develooper Front page | perl.perl5.porters | Postings from April 2018

Re: [perl #133109] push on scalar forbidden: why?

Thread Previous | Thread Next
L A Walsh
April 22, 2018 02:57
Re: [perl #133109] push on scalar forbidden: why?
Message ID:
Dave Mitchell via RT wrote:
> On Sat, Apr 21, 2018 at 02:10:05PM -0700, L A Walsh wrote:
>> Two answers.  The first answer: it never gets that far.
>> PERL5OPT="" perl /tmp/
>> Not an unblessed ARRAY reference at /tmp/ line 9.
> That's because specifically to get round the problem of the overloading
> ambiguity, the perl autodedef ref implementation was changed so that it
> croaked on blessed refs.  This made things even worse - 
It would make the new perl incompatible with old code.  One of the
rules in the proposed change was that "push $_,3" should be have identically
to push @$_,3 at runtime.  That change broke compatibility and doesn't
really protect from the problem it was trying to fix since putting a '@' 
in front overrides the restriction in the statement that died.

>  tperl
P "hello from perl %s", $];
my $aref;
bless $aref=[], "SomeClass";
push @$aref, 3;
P "bye world, aref = %s", $aref;
hello from perl 5.016003
bye world, aref = SomeClass[3]    # <-- result: blessed array (CLASS[])
                                  # w/3 pushed on

I'm guessing where this feature was really meant to "fix" things was
in this statement:
    @k = keys $r;

as I think I understand it, only if the ref is in a class can it
use overloading(?), and the bless-check stopped that in:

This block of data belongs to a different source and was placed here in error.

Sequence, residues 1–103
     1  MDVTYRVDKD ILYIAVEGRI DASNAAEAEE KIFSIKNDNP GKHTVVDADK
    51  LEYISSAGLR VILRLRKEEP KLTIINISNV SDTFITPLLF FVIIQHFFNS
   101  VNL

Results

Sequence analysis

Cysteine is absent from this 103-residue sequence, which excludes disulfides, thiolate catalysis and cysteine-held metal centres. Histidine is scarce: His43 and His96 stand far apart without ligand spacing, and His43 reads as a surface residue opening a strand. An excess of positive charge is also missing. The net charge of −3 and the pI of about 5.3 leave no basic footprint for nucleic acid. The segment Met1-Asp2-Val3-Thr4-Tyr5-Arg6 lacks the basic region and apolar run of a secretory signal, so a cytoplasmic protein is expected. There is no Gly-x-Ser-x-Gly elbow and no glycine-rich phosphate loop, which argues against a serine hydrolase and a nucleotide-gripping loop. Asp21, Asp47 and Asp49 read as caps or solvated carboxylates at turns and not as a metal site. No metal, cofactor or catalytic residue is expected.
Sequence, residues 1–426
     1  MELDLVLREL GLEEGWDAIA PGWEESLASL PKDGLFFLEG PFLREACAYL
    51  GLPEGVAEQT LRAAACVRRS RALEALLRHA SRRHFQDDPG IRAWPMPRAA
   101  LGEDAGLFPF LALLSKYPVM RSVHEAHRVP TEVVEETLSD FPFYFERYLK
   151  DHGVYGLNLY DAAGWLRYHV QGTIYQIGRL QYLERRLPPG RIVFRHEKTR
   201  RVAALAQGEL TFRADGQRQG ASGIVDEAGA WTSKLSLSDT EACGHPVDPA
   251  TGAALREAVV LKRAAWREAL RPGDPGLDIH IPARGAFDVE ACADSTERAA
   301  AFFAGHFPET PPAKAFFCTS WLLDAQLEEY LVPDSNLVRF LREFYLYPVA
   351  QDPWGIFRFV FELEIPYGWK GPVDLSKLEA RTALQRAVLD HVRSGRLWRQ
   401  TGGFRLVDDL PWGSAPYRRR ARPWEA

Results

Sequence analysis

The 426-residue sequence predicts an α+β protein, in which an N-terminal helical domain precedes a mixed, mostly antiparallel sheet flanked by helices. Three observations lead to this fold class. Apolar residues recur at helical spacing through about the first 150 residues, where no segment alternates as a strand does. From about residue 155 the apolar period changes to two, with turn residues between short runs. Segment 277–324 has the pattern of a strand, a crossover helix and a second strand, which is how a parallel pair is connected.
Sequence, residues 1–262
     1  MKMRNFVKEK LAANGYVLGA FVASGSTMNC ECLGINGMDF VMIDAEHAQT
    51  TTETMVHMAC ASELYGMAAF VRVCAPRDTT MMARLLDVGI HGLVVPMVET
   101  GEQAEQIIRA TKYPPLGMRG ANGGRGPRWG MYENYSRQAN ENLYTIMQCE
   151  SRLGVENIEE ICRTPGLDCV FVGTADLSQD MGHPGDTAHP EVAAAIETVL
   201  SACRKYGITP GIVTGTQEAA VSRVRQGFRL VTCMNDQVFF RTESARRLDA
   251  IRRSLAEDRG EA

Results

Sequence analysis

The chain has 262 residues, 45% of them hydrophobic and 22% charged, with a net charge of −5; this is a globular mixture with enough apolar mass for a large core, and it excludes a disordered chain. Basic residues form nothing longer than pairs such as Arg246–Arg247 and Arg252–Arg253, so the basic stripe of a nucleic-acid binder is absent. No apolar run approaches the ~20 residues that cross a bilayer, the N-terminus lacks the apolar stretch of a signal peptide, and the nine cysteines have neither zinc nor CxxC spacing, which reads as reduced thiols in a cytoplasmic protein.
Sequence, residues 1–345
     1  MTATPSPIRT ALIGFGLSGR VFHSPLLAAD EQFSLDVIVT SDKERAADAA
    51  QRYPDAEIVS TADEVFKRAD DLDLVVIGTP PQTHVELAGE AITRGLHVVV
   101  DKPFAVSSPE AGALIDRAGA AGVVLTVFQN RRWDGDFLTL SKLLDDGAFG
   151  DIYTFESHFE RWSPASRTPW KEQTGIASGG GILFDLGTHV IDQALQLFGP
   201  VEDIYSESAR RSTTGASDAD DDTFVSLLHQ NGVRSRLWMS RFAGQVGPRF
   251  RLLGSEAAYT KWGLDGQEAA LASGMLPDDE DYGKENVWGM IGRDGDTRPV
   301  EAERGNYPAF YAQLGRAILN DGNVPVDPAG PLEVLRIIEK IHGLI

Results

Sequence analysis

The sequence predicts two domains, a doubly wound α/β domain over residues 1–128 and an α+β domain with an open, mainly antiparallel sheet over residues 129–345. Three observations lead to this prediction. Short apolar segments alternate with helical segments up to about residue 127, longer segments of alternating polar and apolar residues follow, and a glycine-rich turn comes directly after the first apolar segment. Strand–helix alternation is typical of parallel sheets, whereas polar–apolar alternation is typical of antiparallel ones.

Type of argument to keys on reference must be unblessed hashref or 
arrayref at /tmp/ line 11.

Again, I think checking if there was a bless on the ref was a bit of a
hack, since it "avoided" the problem rather than dealing with it.

In that scenario, blessed or not, the only way it could be resolved is
if perl knew '$r' was one type or the other.  Since it can't know, the
programmer needs to resolve that by adding a sigil (either statically,
or at runtime using an eval:

my @k;
if ($wantref eq ARRAY) {
    eval {@k = keys @$r};
} else {
    eval {@k = keys %$r};

or something similar.  If you are looking for a compile time
error message, like the primitive syntax check of push/pop @[$]ref
forcing '@', it can't really happen.  Perl is a loosely typed language.
It's usually some special case where it can type check at 'compile time'.
But those special cases also become hard-coded limitations that can
prohibit other options.


>  This made things even worse - you could never
> use the new syntax in any place where there was a possibility that the
> ref you get passed may have been blessed. This was a big motivation for
> eliminating the feature.
>> 2nd answer -- this was brought up by Dan Brook.  I answered:
>> In any case where there is ambiguity, the compiler must throw an error(like):
>> Ambiguous dereference @ line 13: Sigil required.
>> My suggestion was to auto-dereference references where perl knew the type
>> of the reference.  If it reference is ambiguous, it can't know the type.
> Since perl almost never knows the type of a reference at compile-time,
> how can this ever work? Can you give a more concrete example?
    It works for giving a runtime error just like:

    my $r={};
    push @$r;

does now.  It can't be detected until runtime if you want to use
use runtime references.  If forcing the addition of '@' is important,
perhaps that could be toggled via a pragma, but adding '@' won't guarantee
that it will work at runtime as in the example above.  The compiler
can only do static/syntax checks, which may give warm fuzzies, but may
mislead some people if they think it prevents runtime errors.

Adding the "overload" module simply allow more options for runtime errors
and in those cases, the requirement for using explicit '@' or '%' can not
go away because it creates a runtime ambiguity that the runtime can't 
and would have to flag as an error at runtime.
> Do you mean as a compile-time error or a run-time error?
run-time -- just as the above example generates now.

No algorithm will work for all input.  That doesn't mean you throw out
division because you can't divide by 0.

Thread Previous | Thread Next Perl Programming lists via nntp and http.
Comments to Ask Bjørn Hansen at | Group listing | About